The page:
KNOXVILLE — Rick Barnes still plans to give out both of the Tennessee men's basketball team's open scholarships for the 2018-19 season, the coach said this past week in Chattanooga.
"We think right now we will," Barnes said before Thursday night's Big Orange Caravan event at the First Tennessee Pavilion. "We do. We think we will before it's all said and done."
The Volunteers lose just two of their 13 scholarship players from this past season's team, which advanced to the second round of the NCAA tournament.
Already, graduate transfer guard Khwan Fore has committed to play his last season for Tennessee, though he has yet to sign a national letter of intent. If he does sign, that should leave the Vols with one more available scholarship. Men's teams are permitted 13 scholarships per season.
Nearly all the nation's top high school prospects from the class of 2018 have signed with other schools, but Tennessee could be eyeing a late-blooming prospect or be considering another graduate transfer or transfer.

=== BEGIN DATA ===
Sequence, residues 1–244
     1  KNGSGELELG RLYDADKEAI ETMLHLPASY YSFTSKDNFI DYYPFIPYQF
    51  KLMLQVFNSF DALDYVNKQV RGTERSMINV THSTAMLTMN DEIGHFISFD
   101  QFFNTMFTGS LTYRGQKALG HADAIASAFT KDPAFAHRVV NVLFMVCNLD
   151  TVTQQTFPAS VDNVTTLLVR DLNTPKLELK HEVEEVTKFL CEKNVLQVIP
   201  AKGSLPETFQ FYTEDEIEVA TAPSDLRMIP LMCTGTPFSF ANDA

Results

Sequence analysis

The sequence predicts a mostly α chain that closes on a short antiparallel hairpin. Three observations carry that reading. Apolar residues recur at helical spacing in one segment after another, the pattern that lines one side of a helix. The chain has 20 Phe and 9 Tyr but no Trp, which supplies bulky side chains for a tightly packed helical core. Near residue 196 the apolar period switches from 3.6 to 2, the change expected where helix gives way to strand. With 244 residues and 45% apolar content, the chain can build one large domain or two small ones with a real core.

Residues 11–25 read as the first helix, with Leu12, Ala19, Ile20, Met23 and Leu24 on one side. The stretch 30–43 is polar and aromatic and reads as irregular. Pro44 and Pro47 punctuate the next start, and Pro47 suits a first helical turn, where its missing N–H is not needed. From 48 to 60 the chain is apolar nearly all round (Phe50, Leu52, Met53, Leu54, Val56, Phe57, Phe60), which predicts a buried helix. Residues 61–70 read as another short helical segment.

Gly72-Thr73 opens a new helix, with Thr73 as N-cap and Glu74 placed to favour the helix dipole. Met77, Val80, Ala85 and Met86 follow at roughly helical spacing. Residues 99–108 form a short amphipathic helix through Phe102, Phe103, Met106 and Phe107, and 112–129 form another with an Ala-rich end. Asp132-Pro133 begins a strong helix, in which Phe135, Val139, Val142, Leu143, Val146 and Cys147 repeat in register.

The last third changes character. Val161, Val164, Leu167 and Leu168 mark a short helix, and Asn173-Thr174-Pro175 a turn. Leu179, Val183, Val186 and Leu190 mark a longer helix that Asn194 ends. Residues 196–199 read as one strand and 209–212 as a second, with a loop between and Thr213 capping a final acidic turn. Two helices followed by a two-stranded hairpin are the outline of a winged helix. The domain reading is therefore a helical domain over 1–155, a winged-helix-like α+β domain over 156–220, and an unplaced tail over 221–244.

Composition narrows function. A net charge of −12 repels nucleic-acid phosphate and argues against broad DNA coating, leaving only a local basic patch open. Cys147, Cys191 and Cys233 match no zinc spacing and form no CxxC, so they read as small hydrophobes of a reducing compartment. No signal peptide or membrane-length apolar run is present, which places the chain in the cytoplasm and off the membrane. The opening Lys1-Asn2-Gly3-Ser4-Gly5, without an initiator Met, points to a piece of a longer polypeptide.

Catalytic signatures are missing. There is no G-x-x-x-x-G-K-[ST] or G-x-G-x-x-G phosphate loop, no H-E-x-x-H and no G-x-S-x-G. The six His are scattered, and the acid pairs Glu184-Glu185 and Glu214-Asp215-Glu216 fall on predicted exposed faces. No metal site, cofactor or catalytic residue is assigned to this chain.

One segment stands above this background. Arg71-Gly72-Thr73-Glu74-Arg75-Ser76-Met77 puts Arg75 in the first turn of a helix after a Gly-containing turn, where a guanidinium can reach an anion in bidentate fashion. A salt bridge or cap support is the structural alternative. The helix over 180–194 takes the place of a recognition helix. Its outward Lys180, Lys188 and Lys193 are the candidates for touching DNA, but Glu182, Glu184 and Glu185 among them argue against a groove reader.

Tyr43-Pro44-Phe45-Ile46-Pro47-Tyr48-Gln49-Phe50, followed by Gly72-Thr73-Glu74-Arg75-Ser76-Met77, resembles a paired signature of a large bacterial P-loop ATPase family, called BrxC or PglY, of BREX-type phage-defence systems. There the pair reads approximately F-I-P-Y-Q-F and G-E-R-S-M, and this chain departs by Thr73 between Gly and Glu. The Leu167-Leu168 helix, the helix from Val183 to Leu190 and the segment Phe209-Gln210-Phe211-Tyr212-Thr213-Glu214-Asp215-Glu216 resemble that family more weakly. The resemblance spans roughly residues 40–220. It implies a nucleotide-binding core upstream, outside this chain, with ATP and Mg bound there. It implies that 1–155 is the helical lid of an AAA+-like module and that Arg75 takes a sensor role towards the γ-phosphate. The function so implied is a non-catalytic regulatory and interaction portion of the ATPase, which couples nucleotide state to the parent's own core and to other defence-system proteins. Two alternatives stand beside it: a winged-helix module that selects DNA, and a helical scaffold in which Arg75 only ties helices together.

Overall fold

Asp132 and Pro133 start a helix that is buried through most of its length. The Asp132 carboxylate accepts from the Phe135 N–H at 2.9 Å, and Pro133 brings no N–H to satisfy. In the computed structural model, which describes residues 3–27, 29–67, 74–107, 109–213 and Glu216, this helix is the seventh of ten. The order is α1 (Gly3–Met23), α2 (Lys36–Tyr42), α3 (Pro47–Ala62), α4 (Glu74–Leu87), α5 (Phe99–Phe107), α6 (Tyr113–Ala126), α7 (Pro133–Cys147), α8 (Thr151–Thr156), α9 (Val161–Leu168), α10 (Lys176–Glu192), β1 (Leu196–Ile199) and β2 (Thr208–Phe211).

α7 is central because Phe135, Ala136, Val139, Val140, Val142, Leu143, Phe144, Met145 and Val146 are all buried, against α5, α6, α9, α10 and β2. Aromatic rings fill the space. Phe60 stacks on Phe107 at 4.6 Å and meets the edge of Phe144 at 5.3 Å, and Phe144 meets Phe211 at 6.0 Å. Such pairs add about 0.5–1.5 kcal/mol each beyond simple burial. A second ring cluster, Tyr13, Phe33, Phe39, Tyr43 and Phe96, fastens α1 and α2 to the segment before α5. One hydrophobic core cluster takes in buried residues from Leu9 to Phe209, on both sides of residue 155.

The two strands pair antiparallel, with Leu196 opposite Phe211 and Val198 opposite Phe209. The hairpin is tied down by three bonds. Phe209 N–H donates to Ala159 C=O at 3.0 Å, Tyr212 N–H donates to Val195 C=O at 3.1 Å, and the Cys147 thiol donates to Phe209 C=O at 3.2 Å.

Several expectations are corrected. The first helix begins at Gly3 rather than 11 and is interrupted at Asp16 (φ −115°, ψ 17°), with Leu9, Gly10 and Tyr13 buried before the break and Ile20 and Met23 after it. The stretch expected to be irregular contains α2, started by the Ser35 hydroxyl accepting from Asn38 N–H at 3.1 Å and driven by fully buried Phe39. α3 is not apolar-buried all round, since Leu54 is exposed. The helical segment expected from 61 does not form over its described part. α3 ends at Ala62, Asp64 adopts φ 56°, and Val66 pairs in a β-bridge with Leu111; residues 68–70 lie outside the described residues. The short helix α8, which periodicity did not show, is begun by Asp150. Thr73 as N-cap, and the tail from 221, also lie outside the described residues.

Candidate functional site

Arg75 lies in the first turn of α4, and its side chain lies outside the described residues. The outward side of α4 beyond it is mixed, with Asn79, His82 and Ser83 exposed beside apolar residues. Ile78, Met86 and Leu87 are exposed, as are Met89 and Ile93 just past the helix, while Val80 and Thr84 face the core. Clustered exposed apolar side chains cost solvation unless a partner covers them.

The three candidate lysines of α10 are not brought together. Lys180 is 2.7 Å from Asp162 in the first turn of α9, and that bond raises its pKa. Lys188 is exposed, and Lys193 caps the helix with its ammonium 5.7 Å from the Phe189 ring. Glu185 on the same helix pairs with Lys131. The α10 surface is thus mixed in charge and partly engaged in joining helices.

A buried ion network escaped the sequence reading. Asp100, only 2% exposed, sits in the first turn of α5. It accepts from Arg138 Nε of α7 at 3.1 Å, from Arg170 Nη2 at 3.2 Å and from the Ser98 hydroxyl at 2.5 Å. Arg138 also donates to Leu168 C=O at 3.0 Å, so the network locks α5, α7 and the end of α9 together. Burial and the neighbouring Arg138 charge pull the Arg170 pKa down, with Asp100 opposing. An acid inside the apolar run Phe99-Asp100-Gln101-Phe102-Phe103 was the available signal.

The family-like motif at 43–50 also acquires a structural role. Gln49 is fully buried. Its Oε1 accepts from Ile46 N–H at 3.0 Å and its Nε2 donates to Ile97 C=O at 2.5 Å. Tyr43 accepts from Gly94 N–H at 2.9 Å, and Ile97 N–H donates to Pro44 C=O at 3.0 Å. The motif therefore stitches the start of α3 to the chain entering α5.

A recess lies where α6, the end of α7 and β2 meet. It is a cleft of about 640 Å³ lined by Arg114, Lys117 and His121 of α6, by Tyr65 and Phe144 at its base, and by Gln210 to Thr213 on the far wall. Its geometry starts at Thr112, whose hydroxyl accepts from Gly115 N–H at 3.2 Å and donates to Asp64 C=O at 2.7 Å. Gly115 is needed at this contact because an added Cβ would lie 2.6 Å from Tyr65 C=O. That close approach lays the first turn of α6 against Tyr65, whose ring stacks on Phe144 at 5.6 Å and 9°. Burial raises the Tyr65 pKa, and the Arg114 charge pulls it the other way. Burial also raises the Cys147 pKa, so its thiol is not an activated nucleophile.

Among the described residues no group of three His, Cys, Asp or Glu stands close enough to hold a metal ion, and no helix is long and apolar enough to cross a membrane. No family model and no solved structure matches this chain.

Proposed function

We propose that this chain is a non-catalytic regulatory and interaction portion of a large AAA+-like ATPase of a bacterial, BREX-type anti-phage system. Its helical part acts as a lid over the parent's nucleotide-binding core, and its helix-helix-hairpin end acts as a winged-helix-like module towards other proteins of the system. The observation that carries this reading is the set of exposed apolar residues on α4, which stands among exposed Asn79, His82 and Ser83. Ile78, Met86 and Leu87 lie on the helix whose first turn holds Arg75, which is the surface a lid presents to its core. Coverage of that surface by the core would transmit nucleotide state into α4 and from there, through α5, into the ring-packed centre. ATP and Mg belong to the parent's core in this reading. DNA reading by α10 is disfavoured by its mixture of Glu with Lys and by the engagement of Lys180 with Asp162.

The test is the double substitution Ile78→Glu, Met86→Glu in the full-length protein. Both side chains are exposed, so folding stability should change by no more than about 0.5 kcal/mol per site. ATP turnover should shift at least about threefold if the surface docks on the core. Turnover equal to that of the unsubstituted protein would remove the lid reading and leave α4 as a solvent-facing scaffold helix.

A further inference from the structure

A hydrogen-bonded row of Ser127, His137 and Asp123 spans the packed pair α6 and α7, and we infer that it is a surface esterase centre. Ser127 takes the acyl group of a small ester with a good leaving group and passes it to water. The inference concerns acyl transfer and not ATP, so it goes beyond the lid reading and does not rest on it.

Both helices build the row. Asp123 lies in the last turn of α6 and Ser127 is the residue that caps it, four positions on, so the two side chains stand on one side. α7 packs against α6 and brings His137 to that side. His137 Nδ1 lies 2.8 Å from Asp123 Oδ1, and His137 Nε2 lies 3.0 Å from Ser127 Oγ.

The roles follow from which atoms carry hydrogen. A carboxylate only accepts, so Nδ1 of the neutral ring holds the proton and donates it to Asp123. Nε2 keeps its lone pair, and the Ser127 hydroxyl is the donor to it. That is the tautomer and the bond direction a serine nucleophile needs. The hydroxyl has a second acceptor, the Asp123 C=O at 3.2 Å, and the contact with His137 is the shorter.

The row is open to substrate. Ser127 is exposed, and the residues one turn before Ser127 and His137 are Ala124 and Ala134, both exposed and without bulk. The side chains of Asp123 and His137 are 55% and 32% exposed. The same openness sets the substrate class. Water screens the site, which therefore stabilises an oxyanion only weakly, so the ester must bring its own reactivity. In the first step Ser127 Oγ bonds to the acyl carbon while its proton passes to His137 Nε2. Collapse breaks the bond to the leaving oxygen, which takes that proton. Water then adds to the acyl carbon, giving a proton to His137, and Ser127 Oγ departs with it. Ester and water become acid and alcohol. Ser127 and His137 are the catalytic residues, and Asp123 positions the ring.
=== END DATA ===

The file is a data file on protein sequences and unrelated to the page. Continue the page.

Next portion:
Though nearly every top contributor from a team that earned a No. 3 seed in the NCAA tournament returns, Barnes stressed the importance Thursday of the Vols reinventing themselves in the season ahead.
"It's something you have to address," Barnes said. "We've already addressed that. We went back and talked about the year before, teams that came out of nowhere and got to the tournament that had a lot of guys coming back and didn't get back (to the tournament). We've always believed that every year you've got to remake yourself."
Tennessee would have a third available scholarship for the upcoming season if forward Admiral Schofield opts to keep himself eligible for the NBA draft. But Schofield is not expected to attend the NBA combine May 17 and 18 after going through workouts with at least three NBA teams already during the pre-draft process.
"I think what makes it good is getting to go to the individual teams, whether it's OKC, whether it's Brooklyn, Milwaukee, Charlotte, you name it," Barnes said. "I think it's good to have a chance to go to those workouts and hear what these players need to hear from NBA people."